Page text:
authority of the Commissioners, has, for a time, cast upon it; but, above all, that they should, upon this ex parte examination, without hearing one word that I could urge, have reported to your Majesty, an opinion on these matters, so prejudicial to my honour, and from which I can have no appeal, to the laws of the country, (because the charges, constituting no legal offence, cannot be made the ground of a judicial inquiry ;)—These and many other circumstances, connected with the length of the Proceeding, which have cruelly aggravated, to my feelings, the pain necessarily attendant upon this Inquiry, I shall not be able to refrain from stating, and urging, as matters of serious lamentation at least, if not of well-grounded complaint.
In commenting upon any part of the circumstances, which have occurred in the course of this Inquiry, whatever observations I may be compelled to make upon any of them, I trust, I never shall forget what is due to officers in high station and employment under your Majesty. No apology, therefore, can be required for any reserve in my expressions towards them. But if, in vindicating my innocence against the injustice and malice of my enemies, I should appear to your Majesty not to express myself with all the warmth and indignation, which innocence, so foully calumniated, must feel, your Majesty will, I trust, not attribute my forbearance to any insensibility to the grievous injuries I have sustained; but will graciously be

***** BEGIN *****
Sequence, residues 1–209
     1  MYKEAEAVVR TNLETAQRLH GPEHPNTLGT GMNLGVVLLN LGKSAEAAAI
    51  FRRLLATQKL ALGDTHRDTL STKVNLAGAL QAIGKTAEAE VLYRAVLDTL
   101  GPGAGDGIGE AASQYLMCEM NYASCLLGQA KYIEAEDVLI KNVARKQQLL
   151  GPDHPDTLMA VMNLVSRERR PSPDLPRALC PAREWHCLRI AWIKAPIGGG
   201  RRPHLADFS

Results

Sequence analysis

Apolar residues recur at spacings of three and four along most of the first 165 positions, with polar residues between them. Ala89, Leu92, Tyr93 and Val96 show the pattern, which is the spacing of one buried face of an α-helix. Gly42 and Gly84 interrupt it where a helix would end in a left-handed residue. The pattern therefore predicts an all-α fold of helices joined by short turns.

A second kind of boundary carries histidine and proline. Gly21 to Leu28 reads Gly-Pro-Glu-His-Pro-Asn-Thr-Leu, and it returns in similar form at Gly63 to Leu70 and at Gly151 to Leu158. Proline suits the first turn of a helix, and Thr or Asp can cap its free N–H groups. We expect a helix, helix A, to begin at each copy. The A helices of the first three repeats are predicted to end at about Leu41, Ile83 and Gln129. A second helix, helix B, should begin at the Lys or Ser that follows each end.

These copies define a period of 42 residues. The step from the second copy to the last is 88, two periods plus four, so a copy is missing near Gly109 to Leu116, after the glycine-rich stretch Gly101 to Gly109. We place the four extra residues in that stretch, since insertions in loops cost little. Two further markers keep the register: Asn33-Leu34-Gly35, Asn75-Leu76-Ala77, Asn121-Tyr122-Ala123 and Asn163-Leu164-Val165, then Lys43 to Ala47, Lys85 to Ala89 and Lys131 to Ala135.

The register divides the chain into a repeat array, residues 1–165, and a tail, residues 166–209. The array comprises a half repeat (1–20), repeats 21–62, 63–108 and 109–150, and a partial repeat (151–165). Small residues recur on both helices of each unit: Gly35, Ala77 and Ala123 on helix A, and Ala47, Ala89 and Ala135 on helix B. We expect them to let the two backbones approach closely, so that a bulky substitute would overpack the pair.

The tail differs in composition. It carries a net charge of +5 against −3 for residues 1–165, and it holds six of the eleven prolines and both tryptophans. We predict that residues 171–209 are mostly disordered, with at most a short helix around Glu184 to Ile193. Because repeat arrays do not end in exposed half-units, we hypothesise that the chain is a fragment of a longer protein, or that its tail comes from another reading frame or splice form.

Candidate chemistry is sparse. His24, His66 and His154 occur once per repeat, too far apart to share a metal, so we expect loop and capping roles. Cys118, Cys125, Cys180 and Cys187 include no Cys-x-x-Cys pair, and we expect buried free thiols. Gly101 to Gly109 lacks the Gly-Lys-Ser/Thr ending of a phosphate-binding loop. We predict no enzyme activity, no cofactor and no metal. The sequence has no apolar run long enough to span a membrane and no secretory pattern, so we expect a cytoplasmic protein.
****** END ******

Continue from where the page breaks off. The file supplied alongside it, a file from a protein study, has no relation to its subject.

pleased to ascribe it to the restraint I have imposed upon myself, lest in endeavouring to describe in just terms, the motives, the conduct, the perjury, and all the foul circumstances which characterize, and establish the malice of my accusers, I might use language, which, though not unjustly applied to them, might be improper to be used, by me, to any body, or unfit to be employed by any body, humbly, respectfully, and dutifully addressing your Majesty.
That a fit opportunity has occurred for laying open my heart to your Majesty, perhaps, I shall, hereafter, have no reason to lament. For more than two years, I had been informed, that, upon the presumption of some misconduct in me, my behaviour had been made the subject of investigation, and my neighbours' servants had been examined concerning it. And for some time, I had received mysterious and indistinct intimations, that some great mischief was meditated towards me. And, in all the circumstances of my very peculiar situation, it will not be thought strange, that however conscious I was, that I had no just cause of fear, I should yet feel some uneasiness on this account. With surprise certainly, (because the first tidings were of a kind to excite surprise,) but without alarm, I received the intelligence, that, for some reason, a formal investigation of some parts of my conduct had been advised, and had actually taken place. His Royal Highness the Duke of Kent, on the 7th of June, announced it to me.